Some hours later, the craft was found approximately three miles from Southport at Birkdale. Fourteen of her sixteen-man crew perished.

The “News of the World” magazine, (12th December 1886) covered the disaster like this:



‘A distressing catastrophe occurred off the Lancashire coast early on Friday. It seems that during the gale which raged on Thursday a large barque, the Mexico, of Hamburg, from Liverpool to Guayaquil, was seen to be at anchor in a dangerous position off Ainsdale. During the evening she dragged her anchors, and drove on the beach. The Southport lifeboat, Eliza Fernley, was launched about 11 o’clock, and manned by a crew of 16 hands, pulled gallantly through the raging sea in the direction of the wreck, which could be plainly seen by the lights of her signals. Two of her masts were gone, and her crew, lashed to various parts of the vessel, were shouting wildly for help. After a fierce battle with the wind and sea, the lifeboat was seen to get within about 20 yards of the wreck, and her success seemed assured. Just at this moment she fell off with the force of the wind, and before she could be brought up again a terrific sea struck her, and she was capsized, all the crew being thrown into the water. Instead of righting herself, as she ought to have done, she remained bottom upwards, and was blown onto the beach. Three of the crew managed to get hold of the upturned boat and drifted ashore with her in safety; but the other 13 were drowned, three of the bodies being found entangled under the boat when she touched the beach. The remaining ten bodies were washed ashore during the course of Friday morning. Of the 13 deceased 10 were married, and many of them have large families. The men saved were Henry Robinson, John Jackson, and John Ball. The last-named died on Friday night in the infirmary, thus making 14 deaths.’

The bodies of the crewmen were viewed at the pub by the jury from the hurriedly convened coroner’s investigation held at the Palace Hotel.

In respect for the departed heroes the pub was named ‘The Fishermans Rest.’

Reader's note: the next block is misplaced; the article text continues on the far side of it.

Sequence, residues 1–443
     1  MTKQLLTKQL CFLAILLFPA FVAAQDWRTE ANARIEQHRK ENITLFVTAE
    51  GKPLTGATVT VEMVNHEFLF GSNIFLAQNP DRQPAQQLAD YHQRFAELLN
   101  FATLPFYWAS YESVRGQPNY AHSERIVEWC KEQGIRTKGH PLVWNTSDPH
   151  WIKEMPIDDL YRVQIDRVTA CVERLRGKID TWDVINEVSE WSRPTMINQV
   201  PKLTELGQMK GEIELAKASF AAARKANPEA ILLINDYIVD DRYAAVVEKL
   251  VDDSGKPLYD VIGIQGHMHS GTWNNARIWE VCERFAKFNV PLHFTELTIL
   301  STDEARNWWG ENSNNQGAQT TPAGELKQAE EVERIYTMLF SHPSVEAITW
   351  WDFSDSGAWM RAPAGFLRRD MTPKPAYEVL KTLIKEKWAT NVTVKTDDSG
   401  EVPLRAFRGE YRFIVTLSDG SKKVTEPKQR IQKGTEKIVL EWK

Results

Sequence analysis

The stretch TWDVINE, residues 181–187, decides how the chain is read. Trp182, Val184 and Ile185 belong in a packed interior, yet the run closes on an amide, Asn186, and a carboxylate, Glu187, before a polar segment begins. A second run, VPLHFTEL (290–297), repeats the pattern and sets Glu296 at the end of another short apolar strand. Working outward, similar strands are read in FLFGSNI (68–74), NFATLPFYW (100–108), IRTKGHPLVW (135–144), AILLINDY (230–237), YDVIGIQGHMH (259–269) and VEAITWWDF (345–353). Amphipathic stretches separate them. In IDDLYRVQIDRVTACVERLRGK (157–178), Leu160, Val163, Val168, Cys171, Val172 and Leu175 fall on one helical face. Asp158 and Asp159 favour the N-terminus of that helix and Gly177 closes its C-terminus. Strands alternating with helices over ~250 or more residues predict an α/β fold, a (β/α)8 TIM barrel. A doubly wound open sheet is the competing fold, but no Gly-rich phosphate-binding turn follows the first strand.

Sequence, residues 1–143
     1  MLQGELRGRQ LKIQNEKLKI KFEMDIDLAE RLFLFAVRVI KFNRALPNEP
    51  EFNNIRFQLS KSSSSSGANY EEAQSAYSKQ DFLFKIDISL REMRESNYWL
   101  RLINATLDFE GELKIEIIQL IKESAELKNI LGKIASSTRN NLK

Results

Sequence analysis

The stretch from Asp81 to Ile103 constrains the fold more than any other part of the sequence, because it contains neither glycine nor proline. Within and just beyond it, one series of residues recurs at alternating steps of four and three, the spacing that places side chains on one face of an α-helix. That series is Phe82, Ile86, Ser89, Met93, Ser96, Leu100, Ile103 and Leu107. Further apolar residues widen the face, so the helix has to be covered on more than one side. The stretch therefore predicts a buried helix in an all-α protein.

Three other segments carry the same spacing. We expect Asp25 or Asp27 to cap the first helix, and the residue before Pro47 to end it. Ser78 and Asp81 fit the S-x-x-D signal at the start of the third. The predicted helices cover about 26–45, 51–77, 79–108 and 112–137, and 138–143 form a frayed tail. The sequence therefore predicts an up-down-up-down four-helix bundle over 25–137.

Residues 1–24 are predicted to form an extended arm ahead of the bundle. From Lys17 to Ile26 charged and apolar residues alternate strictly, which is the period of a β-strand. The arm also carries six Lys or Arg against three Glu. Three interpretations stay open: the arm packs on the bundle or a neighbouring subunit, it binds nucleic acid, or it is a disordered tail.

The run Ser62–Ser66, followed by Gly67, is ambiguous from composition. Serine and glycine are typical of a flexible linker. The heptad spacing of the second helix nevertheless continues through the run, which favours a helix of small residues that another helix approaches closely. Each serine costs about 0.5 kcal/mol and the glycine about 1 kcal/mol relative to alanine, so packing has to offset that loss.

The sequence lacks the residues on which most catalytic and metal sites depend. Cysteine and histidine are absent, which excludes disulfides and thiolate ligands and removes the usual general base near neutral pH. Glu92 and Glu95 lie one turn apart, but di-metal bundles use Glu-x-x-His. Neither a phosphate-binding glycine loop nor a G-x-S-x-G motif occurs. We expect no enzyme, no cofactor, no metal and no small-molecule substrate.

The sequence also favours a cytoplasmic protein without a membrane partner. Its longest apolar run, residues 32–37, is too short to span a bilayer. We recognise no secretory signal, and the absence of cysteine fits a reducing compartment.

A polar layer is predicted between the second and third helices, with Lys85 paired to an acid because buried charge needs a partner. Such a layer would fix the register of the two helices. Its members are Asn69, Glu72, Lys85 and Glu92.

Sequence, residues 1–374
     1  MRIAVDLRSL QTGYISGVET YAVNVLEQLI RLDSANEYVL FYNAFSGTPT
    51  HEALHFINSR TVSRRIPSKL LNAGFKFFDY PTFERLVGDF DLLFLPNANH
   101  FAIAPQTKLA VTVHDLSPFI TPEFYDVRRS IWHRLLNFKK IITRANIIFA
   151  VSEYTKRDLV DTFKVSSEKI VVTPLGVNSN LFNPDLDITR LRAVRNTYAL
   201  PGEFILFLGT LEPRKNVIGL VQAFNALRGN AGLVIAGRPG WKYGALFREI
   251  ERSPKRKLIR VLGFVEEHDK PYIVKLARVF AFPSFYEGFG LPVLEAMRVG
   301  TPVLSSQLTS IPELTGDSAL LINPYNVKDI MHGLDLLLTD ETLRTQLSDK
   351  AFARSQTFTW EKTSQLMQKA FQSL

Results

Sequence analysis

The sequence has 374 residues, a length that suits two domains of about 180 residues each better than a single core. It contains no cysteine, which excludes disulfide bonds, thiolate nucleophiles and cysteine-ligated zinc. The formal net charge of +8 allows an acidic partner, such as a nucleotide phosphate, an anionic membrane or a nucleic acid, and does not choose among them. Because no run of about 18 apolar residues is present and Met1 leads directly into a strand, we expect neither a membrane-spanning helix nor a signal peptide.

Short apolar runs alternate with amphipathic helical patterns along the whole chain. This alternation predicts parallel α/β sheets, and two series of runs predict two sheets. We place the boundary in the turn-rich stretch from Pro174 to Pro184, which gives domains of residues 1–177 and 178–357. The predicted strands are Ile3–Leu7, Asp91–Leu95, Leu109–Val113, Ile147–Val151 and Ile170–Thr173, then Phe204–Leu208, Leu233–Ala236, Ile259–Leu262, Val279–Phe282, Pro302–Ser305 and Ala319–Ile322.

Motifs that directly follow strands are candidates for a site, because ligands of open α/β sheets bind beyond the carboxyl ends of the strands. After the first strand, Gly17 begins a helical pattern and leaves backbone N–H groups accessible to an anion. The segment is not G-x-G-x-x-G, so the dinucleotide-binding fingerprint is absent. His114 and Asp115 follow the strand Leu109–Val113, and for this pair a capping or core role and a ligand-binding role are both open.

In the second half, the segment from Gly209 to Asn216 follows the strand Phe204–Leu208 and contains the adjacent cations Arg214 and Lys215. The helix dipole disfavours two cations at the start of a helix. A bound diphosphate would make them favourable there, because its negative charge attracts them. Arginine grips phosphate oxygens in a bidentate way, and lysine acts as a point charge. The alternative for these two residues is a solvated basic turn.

As a teenager I would frequently set lines to catch fish on the local beach at night near the pub. Birkdale beach after dark is quite a foreboding place, especially when the fog comes down and it’s snowing in winter. I can well imagine what that terrible night for the ill-fated crewmen must have been like.

I feel an immense affinity for the Southport heroes that died that tragic night and the epic Southport lifeboat disaster still brings tears to my eyes.

So what is my own particular attachment to the Palace Hotel?

Well, my Swiss grandfather on my mother’s side was a man called ‘Eugene Gshwinder’ and he was the Head Waiter at the Palace Hotel in the 1920s.

Above: Eugene Gshwinder (author’s grandfather) seated far right at the Palace Hotel, with other staff members.

Does the above picture show an inquisitive resident (top left hand corner) peeping out of the hotel, or is it yet another Palace apparition? Some have claimed it to be the latter, but I make NO claims.

Above: Love endures forever. Eugene Gshwinder married Jennie Swarbrick, my grandmother, on the first day of May as the hawthorn blossomed in 1918.

The entire area of the Palace Hotel may have a paranormal draw and hold a certain vortex of energy for whatever inexplicable reason.

Some places hold positive vortexes, which can lead to sensations of elation, whilst other areas bring down a more negative charge of force.

The catastrophic and unnerving events surrounding the old Palace Hotel, and today’s Fishermans Rest location and historical record would seem to indicate the latter.

Nevertheless, I am honoured to have some small connection to this story due to family inheritance.

Pat Regan © 2011